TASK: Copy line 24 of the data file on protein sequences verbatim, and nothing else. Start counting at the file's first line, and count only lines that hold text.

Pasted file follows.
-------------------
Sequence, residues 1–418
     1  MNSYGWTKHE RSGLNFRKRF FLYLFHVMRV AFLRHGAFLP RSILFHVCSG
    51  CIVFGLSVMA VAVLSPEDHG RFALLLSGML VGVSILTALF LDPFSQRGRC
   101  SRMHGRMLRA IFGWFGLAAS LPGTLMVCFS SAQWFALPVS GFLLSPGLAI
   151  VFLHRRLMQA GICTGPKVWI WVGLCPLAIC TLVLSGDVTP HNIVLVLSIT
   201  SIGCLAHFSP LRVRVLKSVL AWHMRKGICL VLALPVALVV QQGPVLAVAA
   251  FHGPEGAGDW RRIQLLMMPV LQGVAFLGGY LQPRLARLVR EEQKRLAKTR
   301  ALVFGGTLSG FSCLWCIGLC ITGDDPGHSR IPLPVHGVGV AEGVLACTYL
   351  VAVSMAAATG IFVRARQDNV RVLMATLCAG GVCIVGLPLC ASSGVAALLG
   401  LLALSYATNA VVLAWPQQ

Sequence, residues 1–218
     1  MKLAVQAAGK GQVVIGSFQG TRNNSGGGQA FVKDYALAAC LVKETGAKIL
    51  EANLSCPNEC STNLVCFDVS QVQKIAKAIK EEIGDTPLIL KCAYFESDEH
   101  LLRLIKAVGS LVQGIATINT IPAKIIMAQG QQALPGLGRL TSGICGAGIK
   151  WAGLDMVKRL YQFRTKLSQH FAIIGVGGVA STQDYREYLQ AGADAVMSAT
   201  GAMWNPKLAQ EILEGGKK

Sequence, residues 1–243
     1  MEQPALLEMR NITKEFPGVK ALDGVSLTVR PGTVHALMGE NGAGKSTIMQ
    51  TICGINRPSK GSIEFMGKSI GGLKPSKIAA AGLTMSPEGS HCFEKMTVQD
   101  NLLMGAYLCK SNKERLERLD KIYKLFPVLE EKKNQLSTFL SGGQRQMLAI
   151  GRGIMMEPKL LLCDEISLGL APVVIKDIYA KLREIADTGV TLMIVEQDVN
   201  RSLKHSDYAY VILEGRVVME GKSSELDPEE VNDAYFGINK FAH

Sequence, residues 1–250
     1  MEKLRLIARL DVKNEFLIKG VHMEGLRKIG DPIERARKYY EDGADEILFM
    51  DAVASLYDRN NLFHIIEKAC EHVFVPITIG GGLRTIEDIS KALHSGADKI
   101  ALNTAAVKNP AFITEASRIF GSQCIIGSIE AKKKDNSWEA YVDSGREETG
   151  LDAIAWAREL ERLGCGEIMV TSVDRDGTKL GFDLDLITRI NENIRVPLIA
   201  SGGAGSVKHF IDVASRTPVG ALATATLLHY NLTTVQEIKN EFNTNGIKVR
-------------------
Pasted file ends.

     1  MEKLRLIARL DVKNEFLIKG VHMEGLRKIG DPIERARKYY EDGADEILFM